After years of development, United Aircraft Corporation (UAC), the parent company of Russia’s largest aircraft manufacturers, managed to achieve the maiden flight of the Il-96-400M, the largest widebody ever developed in the country.
Derived from the IL-96-300, the new jet has a maximum takeoff weight of 270 tons and a fuselage almost 64 meters long capable of accommodating up to 370 passengers in a single class.
It is an aircraft similar in size to the Airbus A330-900neo, but while the European twin-engine aircraft can fly up to 7,200 nautical miles (13,334 km), the Il-96-400M only offers around 8,100 km in a two-class configuration.
One of the reasons is the fact that it continues to be a four-engine engine, equipped with obsolete PS-90A1 turbofans, which consume a lot of fuel. Russia is only now developing a large-diameter engine with a more modern design, the PD-35.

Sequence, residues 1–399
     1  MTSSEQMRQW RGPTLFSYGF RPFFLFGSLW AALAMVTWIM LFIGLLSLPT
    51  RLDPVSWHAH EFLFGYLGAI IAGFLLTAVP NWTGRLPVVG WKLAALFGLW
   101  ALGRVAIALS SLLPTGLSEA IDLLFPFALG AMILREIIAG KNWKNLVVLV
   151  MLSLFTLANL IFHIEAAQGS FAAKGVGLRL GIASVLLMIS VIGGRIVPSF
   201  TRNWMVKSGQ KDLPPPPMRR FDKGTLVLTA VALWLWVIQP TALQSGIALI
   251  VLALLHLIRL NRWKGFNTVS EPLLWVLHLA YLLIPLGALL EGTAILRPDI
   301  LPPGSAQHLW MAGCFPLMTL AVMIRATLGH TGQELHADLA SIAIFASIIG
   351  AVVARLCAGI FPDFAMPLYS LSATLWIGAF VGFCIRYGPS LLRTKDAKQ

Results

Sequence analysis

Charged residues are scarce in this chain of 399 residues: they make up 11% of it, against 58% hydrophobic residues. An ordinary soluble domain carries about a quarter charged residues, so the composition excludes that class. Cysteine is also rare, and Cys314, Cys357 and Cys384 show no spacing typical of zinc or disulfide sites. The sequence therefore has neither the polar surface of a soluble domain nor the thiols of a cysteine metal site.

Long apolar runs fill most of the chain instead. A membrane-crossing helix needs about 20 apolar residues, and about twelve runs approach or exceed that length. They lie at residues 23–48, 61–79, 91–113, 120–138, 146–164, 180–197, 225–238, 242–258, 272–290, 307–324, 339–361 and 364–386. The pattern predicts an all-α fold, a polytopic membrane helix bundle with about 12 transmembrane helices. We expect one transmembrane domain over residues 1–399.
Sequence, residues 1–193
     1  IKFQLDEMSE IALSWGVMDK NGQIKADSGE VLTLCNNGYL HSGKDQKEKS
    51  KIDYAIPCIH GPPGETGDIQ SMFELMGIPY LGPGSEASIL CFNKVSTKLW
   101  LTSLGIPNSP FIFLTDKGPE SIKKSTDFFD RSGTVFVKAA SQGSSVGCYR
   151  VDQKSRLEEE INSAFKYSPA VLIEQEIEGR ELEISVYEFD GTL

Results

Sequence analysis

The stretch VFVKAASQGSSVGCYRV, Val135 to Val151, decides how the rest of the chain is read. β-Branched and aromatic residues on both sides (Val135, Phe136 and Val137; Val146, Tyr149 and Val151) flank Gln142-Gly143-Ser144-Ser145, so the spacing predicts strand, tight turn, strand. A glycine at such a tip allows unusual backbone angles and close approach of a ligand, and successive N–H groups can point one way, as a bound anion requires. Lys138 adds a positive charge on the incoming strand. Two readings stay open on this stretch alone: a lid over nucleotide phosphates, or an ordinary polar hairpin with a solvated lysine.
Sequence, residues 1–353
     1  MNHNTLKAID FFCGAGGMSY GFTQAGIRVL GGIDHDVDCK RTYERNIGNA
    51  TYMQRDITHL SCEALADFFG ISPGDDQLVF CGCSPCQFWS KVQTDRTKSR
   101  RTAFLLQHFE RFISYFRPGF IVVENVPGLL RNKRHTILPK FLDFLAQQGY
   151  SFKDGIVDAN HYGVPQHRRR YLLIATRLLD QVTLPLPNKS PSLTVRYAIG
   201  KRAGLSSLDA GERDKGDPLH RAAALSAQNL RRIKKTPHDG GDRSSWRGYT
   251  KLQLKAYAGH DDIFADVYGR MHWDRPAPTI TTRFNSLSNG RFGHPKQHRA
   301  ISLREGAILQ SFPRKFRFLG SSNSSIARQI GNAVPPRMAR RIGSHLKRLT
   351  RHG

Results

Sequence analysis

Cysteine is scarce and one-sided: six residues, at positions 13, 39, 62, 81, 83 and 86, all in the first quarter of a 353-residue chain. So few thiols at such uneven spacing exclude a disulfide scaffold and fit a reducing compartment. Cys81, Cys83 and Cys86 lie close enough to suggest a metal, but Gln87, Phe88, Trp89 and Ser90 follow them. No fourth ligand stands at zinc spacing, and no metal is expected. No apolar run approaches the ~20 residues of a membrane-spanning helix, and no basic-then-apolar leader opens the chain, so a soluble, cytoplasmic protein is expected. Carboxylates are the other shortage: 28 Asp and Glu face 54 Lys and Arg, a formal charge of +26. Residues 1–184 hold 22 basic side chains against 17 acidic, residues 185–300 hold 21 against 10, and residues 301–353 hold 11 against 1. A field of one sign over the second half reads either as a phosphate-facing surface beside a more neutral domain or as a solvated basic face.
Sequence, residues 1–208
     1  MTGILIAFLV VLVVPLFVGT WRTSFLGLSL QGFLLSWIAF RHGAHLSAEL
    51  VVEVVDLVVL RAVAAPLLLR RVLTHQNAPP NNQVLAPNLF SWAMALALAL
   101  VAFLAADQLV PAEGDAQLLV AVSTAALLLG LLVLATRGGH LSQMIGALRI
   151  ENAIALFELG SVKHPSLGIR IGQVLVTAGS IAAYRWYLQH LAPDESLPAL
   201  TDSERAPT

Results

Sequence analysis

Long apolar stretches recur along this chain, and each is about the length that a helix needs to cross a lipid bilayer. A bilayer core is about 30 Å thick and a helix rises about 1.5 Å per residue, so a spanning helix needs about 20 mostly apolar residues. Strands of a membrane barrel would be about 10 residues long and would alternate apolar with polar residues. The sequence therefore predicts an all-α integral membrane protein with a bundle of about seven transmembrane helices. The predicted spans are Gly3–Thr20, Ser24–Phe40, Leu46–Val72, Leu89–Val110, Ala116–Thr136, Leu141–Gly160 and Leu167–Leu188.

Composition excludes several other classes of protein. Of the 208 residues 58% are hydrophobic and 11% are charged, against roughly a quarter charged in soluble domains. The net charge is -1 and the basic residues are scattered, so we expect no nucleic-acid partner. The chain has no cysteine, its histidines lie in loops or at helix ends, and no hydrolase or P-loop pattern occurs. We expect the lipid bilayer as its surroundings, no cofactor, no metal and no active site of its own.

Despite this, the IL-96-400M incorporates improvements, such as the on-board entertainment and navigation systems, both developed by Russian companies – the country is subject to sanctions from the West due to the invasion of Ukraine.
“The new modernized version of the Il-96 family aircraft will complement the UAC line of civil aircraft in the wide-body passenger aircraft segment and will allow us to offer to the market, together with the MC-21-310, SJ-100 and Tu- 214, aircraft of different sizes and ranges, capable of providing a route network throughout the country and replacing foreign counterparts”, said Yuri Slyusar, general director of UAC.
The role of the Il-96-400M in air travel is still unclear, however. The aircraft’s development was suspended and then only directed to producing two airframes for government operation.
In the meantime, Russia abandoned the CRAIC joint venture, which was created to design and assemble a modern widebody in partnership with China’s COMAC.
The now C929 will be developed only by the Chinese while some UAC companies remain as suppliers. The plan for entry into service of the aircraft similar in size to the Boeing 787 is unknown.
Given this, a limited production of the Il-96-400M to serve Russian airlines, most of which have ties to the government, could be a solution.